Coronavirus disease 2019 (COVID-19) is an acute respiratory contagious disease caused by severe acute respiratory syndrome coronavirus 2 (SARS-CoV-2).1,2 This disease was considered to be first detected in the city of Wuhan, China, in December 2019. Since then, COVID-19 has spread rapidly from almost every corner of the world, and, currently, has been presenting a global pandemic that leads to a great tragedy.3 As of May 15, 2020, the number of confirmed COVID-19 cases has totaled 4,338,658 notifications and has caused 297,119 deaths in 213 countries, areas or territories worldwide.4 Furthermore, it is likely that numerous infected individuals failed to be found because of the limited epidemiological surveillance and detection capabilities on the global scale.3 Unfortunately, there is a present scarcity of the determined clinical treatment for this disease. In this case, accurate forecasting for the upcoming daily prevalence and mortality cases can contribute to plan the health infrastructure and services under dynamic demand and to guide emergency preparedness effectively in responding to the disease outbreak.

Time series analysis based on mathematical models is of great value in constructing hypotheses to show inherent patterns and underlying structures based on the prevalence and mortality data, and to predict the epidemics of diseases.3,57 Also, stakeholders can apply the time series from the past and present outbreaks to forecast prevalence rates and then identifying how to limit the spread of the virus, and ultimately introducing the most effective vaccination policies.5 Numerous modeling techniques (such as machine learning method,8 general linear model,9 spatiotemporal approach,5 artificial neural networks (ANNs),10 grey GM (1,1) model,11 autoregressive integrated moving average (ARIMA),12 support vector machine (SVM) regression model,13 multivariate time series analysis,14 and susceptible-exposed-infectious-recovered (SEIR) model)15 that serve as helpful policy-supportive tools have been utilized to model and estimate the epidemic patterns and even the outbreak of infectious diseases. Among which, the most commonly adopted methods for various predictive objectives are either the linear models (such as general linear model, GM (1,1), and ARIMA) or the nonlinear models (such as SVM and ANNs).12,16 Epidemics of infectious diseases are often affected and restricted by varying influencing factors (such as meteorological factors, variations in pathogens, or policy interventions),1720 which means that the epidemic patterns contain both linear and nonlinear components (that is, including both tendencies and randomness).3,19 Under this condition, the basic linear or nonlinear approaches are only sufficient to uncover the epidemic tendencies or randomness, which limits the generalization ability of these basic models.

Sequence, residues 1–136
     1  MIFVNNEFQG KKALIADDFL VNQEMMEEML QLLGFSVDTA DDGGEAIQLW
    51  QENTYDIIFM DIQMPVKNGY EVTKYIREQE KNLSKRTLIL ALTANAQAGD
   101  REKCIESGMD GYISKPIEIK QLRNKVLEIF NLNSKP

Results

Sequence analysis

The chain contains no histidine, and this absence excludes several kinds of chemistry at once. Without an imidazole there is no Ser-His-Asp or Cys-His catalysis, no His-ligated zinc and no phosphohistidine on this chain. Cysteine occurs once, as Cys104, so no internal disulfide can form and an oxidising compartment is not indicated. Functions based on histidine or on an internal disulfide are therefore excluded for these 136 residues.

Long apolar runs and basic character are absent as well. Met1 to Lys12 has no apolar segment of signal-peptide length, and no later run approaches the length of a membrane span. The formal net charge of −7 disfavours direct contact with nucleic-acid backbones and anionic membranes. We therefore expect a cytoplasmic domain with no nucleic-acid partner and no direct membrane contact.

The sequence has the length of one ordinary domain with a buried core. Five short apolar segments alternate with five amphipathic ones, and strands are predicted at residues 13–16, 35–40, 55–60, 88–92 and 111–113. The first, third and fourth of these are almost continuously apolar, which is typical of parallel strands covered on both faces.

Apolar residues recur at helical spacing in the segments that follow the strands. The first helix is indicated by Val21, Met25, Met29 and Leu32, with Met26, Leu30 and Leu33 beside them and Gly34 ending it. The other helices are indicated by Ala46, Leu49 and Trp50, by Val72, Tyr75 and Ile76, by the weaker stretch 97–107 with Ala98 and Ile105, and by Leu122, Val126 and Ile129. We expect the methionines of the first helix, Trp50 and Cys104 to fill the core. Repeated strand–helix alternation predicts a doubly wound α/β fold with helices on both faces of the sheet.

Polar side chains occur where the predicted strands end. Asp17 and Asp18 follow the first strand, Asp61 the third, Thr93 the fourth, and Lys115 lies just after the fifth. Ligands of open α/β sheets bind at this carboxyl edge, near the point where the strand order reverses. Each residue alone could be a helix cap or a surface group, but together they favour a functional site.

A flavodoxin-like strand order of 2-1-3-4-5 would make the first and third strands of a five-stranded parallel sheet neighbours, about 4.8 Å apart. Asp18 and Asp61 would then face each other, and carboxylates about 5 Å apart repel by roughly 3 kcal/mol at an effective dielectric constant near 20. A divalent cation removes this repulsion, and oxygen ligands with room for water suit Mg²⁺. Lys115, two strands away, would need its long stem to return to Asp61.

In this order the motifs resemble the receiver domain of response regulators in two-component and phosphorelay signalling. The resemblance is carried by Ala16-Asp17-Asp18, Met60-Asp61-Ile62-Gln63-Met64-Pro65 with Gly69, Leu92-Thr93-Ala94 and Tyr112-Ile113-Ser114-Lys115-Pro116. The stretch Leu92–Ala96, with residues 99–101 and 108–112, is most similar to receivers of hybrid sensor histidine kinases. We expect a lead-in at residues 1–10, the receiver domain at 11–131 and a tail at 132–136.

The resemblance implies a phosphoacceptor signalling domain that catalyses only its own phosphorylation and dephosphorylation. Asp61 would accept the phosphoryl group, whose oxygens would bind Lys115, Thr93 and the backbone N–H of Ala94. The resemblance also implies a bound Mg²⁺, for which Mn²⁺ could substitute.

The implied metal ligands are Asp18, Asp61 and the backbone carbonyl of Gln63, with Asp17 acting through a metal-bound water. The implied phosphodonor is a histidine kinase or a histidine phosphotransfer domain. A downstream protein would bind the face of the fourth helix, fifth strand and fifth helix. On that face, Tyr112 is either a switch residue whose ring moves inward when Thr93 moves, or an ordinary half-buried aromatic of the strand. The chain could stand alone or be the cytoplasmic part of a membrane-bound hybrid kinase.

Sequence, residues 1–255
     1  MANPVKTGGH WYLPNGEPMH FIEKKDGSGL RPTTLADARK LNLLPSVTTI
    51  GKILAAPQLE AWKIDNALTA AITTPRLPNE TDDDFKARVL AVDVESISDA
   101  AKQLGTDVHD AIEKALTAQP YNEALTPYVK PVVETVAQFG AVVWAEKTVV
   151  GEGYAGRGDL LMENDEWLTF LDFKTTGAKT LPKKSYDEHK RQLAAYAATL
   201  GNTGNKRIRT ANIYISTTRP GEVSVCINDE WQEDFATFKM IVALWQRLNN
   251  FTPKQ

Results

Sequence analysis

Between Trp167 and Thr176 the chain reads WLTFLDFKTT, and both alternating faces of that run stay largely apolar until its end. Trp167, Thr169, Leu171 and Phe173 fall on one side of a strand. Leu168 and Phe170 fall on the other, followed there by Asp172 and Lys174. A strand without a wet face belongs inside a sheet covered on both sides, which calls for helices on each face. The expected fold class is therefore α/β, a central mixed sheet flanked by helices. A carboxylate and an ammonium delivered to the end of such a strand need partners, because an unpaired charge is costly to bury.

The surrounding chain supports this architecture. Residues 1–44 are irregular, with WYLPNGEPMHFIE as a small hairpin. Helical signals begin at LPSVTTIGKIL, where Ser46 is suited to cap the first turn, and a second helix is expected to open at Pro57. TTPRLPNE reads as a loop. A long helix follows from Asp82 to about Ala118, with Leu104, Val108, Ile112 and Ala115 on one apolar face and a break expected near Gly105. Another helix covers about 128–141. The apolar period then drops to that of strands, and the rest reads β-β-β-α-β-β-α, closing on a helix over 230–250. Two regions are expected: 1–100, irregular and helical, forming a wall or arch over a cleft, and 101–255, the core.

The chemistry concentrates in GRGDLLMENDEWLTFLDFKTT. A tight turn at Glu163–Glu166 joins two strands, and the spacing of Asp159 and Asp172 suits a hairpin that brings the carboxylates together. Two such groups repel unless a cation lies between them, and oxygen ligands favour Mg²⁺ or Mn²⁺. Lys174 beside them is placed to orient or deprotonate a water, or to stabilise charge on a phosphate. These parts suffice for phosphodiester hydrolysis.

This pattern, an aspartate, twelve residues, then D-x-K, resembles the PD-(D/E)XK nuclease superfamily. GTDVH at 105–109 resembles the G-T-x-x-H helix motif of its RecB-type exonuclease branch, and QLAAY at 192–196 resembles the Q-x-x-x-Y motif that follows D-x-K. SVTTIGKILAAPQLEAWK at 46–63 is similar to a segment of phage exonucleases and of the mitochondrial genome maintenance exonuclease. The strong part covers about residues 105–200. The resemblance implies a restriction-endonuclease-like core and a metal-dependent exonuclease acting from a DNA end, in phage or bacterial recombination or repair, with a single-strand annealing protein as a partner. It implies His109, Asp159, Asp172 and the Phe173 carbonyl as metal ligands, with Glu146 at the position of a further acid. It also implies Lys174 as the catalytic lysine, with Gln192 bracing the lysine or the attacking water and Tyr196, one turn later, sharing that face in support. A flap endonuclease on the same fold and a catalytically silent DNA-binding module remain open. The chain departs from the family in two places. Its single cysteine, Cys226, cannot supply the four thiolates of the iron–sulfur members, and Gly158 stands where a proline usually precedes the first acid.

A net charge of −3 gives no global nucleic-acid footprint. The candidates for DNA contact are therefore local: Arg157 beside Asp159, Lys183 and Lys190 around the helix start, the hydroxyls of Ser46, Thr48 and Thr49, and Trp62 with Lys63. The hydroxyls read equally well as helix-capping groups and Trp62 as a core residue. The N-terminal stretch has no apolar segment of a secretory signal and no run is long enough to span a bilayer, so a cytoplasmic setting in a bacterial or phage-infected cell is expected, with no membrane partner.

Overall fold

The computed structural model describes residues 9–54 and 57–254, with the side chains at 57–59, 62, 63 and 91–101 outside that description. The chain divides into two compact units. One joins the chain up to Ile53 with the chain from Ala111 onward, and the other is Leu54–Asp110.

Over the last decades, though the popular exponential smoothing (ES) approaches under a linear assumption have extensively been adopted for different predictive purposes,21 paralleling the methodological developments, researchers have relaxed the linear assumption of the ES approaches by embedding them in a modern nonlinear model framework, called Error-Trend-Seasonal (ETS) framework (which signifies the three traits including error, trend, and seasonality of a time series).2226 Such a framework may be more suitable for handling such data with different traits because they take into consideration the possible additive or multiplicative combinations of the secular trend, seasonal pattern, and random disturbances of the data with 30 candidate models.19,22,26,27 Recently, researchers have shown an increased interest in the domain of forecasting (such as the forecast for the electricity consumption,28 electricity generation,29 bond yields,29 the number of tourists,29 acute hemorrhagic conjunctivitis incidence,25 and tuberculosis incidence)22 with the ETS framework due to its so many advantages. The ETS models are greatly helpful in capturing the dynamic dependence structure of a target series, considering the rapid fluctuation, changing trends, cyclic variation, and random fluctuation in the given series.